Nickelodeon’s “Victorious” is looked back on fondly by most, but how does the show fare when one rewatches it nearly 8 years after its cancellation? Photo from upaaquila.org.

Despite the extremely concerning videos circulating on TikTok from behind the scenes of “Victorious,” a since-cancelled show that was once near and dear to my heart (as I’m sure it was to many others), a few friends and I mistakenly gave it the rewatch. 

Dan Schneider was an executive producer and writer for Nickelodeon from the 1990s up until very recently in 2018 when he was let go after a slew of sexual misconduct allegations arose from the set of “Sam and Cat,” the spin-off show of “Victorious” and “iCarly.”

I’m not going to divulge the explicit details of the already-viral personal trauma of young women in this article purely because they are famous. If there is personal interest on the end of the reader, information about Schneider’s creepy behavior on-set is available online, but there is no need to further any exploitation that at the very least seemed present in the previously mentioned videos.

Schneider’s shows (“Zoey 101,” “Drake & Josh”) have always featured some select jokes designed to go over the heads of the target audience, children. However, since rewatching, I’m honestly appalled that some of the things featured in “Victorious” alone were allowed on a kids’ television program. The amount of innuendos may seem innocent upon initial viewing, but once one considers the source of it all, it becomes anything but. 

The first episode of “Victorious” we watched for the night was the episode where Tori and Cat fight over Cat’s boyfriend (all Tori’s fault by the way), and everyone else gets the dead skin eaten off their feet by some little Puerto Rican fish that Trina buys from a man in a van; you know, as one does.

Anyway, there were a lot of footshots in that episode. Extended foot touching. It was definitely something I found funny at the time it came out because it was wonky and I didn’t understand it.

At least until I found out Dan Schenider has a foot fetish. 

Shows going as far back as “The Amanda Show,” which was on Nickelodeon in the late 1990s and early 2000s, also featured questionable content wherein extended shots of young actresses’ bare feet played a central role. For a clearer picture of what I’m describing, look up “My Beautiful Big Toe,” a short segment from “iCarly,” which was even criticized at one point for the same reason.

It’s clear that with time Schneider became even more confident in his untouchability, and this extended the scope of lascivious content he could get away with producing and marketing to children.

The next episode we watched was “The Diddly-Bops” where the main cast of characters reluctantly has to dress up and perform a song for a bunch of kids, and in doing so their embarrassing performance unwittingly goes viral.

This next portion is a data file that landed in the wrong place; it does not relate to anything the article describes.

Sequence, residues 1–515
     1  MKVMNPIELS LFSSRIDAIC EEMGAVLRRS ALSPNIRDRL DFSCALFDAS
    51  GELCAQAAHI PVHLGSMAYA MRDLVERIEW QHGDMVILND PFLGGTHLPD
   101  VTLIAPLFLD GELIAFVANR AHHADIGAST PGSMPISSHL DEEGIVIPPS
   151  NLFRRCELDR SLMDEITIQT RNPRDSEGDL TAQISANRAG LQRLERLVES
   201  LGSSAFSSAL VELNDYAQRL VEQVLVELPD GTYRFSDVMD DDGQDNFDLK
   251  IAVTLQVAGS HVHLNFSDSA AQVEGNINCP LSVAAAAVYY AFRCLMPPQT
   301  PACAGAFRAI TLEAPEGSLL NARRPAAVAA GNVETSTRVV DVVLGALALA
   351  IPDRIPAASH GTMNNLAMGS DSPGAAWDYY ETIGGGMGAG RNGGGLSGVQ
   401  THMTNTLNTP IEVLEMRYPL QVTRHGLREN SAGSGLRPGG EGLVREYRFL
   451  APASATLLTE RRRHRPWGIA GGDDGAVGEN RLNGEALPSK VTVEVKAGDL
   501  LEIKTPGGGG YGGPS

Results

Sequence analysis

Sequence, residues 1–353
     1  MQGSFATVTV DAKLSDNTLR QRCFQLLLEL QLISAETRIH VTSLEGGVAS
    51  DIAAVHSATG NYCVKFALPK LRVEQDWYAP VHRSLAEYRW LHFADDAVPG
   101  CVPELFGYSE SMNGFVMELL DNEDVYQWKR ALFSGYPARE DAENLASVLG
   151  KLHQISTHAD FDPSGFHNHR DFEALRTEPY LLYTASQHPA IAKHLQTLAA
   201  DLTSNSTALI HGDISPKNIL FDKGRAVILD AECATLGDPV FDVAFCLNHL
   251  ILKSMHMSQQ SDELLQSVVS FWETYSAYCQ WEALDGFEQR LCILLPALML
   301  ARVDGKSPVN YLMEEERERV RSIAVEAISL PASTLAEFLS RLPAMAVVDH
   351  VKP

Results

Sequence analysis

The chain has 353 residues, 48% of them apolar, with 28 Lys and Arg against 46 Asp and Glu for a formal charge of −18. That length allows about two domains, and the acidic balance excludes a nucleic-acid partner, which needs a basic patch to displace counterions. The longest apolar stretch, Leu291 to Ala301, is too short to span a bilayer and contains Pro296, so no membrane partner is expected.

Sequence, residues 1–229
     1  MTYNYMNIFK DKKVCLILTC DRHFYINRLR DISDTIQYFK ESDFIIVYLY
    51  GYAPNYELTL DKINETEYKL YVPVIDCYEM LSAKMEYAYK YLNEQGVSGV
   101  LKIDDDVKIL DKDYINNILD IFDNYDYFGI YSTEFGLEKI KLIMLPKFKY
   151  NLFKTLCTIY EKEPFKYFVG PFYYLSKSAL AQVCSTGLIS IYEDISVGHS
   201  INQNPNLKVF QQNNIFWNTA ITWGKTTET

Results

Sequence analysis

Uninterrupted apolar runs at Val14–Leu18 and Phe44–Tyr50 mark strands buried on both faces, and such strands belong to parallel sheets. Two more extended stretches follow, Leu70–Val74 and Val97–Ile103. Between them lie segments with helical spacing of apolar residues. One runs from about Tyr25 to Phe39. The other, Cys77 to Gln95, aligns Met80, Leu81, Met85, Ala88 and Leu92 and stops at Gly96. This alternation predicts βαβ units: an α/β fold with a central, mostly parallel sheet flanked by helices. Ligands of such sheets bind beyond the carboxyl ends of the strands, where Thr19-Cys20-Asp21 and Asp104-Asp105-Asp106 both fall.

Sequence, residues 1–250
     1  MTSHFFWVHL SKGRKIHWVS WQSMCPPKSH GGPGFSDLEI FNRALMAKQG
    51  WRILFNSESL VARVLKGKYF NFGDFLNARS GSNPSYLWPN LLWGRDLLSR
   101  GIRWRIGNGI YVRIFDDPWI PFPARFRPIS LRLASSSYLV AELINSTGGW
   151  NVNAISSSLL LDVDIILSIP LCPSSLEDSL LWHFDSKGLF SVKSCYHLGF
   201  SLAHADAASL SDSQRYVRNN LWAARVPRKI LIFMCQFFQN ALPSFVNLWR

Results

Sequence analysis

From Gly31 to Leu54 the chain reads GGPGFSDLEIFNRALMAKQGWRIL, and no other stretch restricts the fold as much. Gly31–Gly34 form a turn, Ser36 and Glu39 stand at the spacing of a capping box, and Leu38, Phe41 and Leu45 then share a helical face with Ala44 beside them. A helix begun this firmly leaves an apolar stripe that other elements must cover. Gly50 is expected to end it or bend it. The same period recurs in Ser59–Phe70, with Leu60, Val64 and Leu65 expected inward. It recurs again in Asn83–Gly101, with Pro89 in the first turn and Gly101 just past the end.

This episode definitely features some of the show’s more redeeming qualities when it comes to both humour and art. Andre, who is played by Leon Thomas III and is arguably one of the most talented cast members featured on “Victorious,” both loses and regains a deal with a record label that was very important to him, and overall this is a great episode for his character development (though no one really had much of that in this type of show). In addition to that, the episode features Robbie’s “Broken Glass” song, which always has been and always will be hysterical.

However, as with everything in life and television, there were bad parts to go along with the good. A joke about a character’s “boobs fitting in the hamburger costume” – recurring to the point where it was no longer funny – was a detriment to the episode. Especially, once again, considering the source of those jokes.

I took away three major points of questionability over the course of the 15 or so episodes that my friends and I watched.

As has also been pointed out online, Cat makes a massive transition as a character from the first season to the last, whereas the others’ base traits stay more or less intact throughout the show. She makes a shift from a girl who, though casted as a bit ditzy, is relatively normal compared to some of the other eccentric characters featured on the show, to an extremely infantilized version of that. As time goes on, her signature high-pitched voice ramps way up and even her costuming becomes more childlike in a very uncomfortable, Lolita-esque way. 

The second overarching and recurring theme that was poignant to me, was really just the feet. Once you realize why feet are mentioned so often, it becomes inescapable in almost any of Schneider’s shows. I think that’s quite sad actually, the fact that such relevant pieces of media from my childhood have forever been distorted in such a repulsive and incredibly dark way. 

My last takeaway was really just a series of questions. Why was this allowed to happen? Why were the young actresses targeted by Schneider not protected and how did the innuendo complicit in their exploitation pass through all possible screenings before being aired? It’s the type of outrage incensed by both the passage of time and the fact that nothing was ever done about it.

While some parts of the show are still nostalgic and funny to me, and I can get at least some enjoyment out of it, the experience of watching “Victorious” has been forever tainted.